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Oxidative Medicine and Cellular Longevity
Volume 2018, Article ID 2450748, 19 pages
Review Article

The Role of Free Radicals in Autophagy Regulation: Implications for Ageing

1Instituto de Investigaciones Biomédicas “Alberto Sols” UAM-CSIC, Instituto de Investigación Sanitaria La Paz (IdiPaz) and Department of Biochemistry, Faculty of Medicine, Autonomous University of Madrid, Madrid, Spain
2Centro de Investigación Biomédica en Red sobre Enfermedades Neurodegenerativas (CIBERNED), ISCIII, Madrid, Spain
3Centre for Molecular Medicine Norway (NCMM), Nordic EMBL Partnership for Molecular Medicine, University of Oslo, 0318 Oslo, Norway
4Centre for Experimental Medicine, Institute for Clinical and Experimental Medicine, Videnska 1958 Prague, Czech Republic

Correspondence should be addressed to M. Cahova; zc.meki@avohac.akinom

Received 21 September 2017; Revised 5 January 2018; Accepted 16 January 2018; Published 26 February 2018

Academic Editor: Silvana Hrelia

Copyright © 2018 M. Pajares et al. This is an open access article distributed under the Creative Commons Attribution License, which permits unrestricted use, distribution, and reproduction in any medium, provided the original work is properly cited.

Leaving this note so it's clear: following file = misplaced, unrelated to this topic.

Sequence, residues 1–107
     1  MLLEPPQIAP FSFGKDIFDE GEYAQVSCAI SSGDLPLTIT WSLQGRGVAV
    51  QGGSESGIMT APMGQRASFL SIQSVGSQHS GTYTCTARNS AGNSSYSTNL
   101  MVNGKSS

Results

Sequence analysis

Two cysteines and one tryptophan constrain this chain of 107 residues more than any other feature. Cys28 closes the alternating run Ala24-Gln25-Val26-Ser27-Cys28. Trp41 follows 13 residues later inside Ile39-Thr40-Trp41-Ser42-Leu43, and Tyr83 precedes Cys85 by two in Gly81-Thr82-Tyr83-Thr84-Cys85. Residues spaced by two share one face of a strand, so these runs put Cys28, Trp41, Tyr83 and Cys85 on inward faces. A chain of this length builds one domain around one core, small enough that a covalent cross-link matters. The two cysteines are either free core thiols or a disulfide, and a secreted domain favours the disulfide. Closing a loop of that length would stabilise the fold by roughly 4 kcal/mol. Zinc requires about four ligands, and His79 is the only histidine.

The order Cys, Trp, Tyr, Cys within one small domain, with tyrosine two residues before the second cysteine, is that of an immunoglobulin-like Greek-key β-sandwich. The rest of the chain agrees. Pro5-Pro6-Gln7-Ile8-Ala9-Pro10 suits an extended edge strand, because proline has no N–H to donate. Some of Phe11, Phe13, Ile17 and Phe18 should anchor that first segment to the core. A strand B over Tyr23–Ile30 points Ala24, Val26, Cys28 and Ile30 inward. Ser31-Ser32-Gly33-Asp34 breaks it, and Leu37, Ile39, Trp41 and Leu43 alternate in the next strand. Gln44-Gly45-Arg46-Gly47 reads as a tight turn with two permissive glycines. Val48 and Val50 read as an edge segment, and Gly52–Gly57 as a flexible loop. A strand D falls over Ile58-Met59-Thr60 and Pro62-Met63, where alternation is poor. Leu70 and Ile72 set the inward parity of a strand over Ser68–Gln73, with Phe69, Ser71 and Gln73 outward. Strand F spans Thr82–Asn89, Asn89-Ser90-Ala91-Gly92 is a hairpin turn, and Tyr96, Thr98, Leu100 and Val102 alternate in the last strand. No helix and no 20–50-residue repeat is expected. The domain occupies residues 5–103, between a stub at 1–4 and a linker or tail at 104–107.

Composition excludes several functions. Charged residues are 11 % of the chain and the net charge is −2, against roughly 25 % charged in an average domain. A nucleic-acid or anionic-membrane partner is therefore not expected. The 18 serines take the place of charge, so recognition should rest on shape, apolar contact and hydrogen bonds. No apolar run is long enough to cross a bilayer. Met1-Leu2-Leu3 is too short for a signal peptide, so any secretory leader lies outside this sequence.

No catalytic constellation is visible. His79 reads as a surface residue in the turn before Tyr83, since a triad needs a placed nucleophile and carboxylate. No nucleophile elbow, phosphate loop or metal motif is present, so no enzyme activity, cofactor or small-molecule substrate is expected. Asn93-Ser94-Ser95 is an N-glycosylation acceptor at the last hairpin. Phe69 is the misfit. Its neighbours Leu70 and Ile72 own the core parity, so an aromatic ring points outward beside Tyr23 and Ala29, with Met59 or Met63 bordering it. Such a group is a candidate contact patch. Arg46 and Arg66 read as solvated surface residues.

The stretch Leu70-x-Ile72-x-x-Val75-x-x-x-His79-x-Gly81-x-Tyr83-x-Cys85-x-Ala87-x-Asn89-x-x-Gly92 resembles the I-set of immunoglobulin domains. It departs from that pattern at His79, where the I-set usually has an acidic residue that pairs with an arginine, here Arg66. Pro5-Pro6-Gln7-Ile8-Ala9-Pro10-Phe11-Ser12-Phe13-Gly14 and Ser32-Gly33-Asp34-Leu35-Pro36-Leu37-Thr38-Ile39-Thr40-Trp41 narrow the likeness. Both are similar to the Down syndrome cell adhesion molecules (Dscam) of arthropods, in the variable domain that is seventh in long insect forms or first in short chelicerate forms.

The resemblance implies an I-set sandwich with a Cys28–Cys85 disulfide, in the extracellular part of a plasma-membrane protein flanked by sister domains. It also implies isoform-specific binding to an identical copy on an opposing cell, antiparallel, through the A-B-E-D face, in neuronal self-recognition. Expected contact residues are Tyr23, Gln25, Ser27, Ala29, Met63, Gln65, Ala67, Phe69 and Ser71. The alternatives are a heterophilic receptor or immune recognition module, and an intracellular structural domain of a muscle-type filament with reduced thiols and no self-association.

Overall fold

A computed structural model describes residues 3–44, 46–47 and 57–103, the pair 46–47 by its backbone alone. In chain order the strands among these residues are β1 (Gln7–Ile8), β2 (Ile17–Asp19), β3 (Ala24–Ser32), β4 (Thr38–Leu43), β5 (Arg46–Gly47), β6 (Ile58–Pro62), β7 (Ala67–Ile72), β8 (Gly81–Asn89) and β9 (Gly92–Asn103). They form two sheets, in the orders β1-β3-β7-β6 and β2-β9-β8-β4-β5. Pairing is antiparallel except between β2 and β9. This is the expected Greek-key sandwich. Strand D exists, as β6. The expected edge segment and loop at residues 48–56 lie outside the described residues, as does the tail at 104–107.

Reactive oxygen and nitrogen species (ROS and RNS, resp.) have been traditionally perceived solely as detrimental, leading to oxidative damage of biological macromolecules and organelles, cellular demise, and ageing. However, recent data suggest that ROS/RNS also plays an integral role in intracellular signalling and redox homeostasis (redoxtasis), which are necessary for the maintenance of cellular functions. There is a complex relationship between cellular ROS/RNS content and autophagy, which represents one of the major quality control systems in the cell. In this review, we focus on redox signalling and autophagy regulation with a special interest on ageing-associated changes. In the last section, we describe the role of autophagy and redox signalling in the context of Alzheimer’s disease as an example of a prevalent age-related disorder.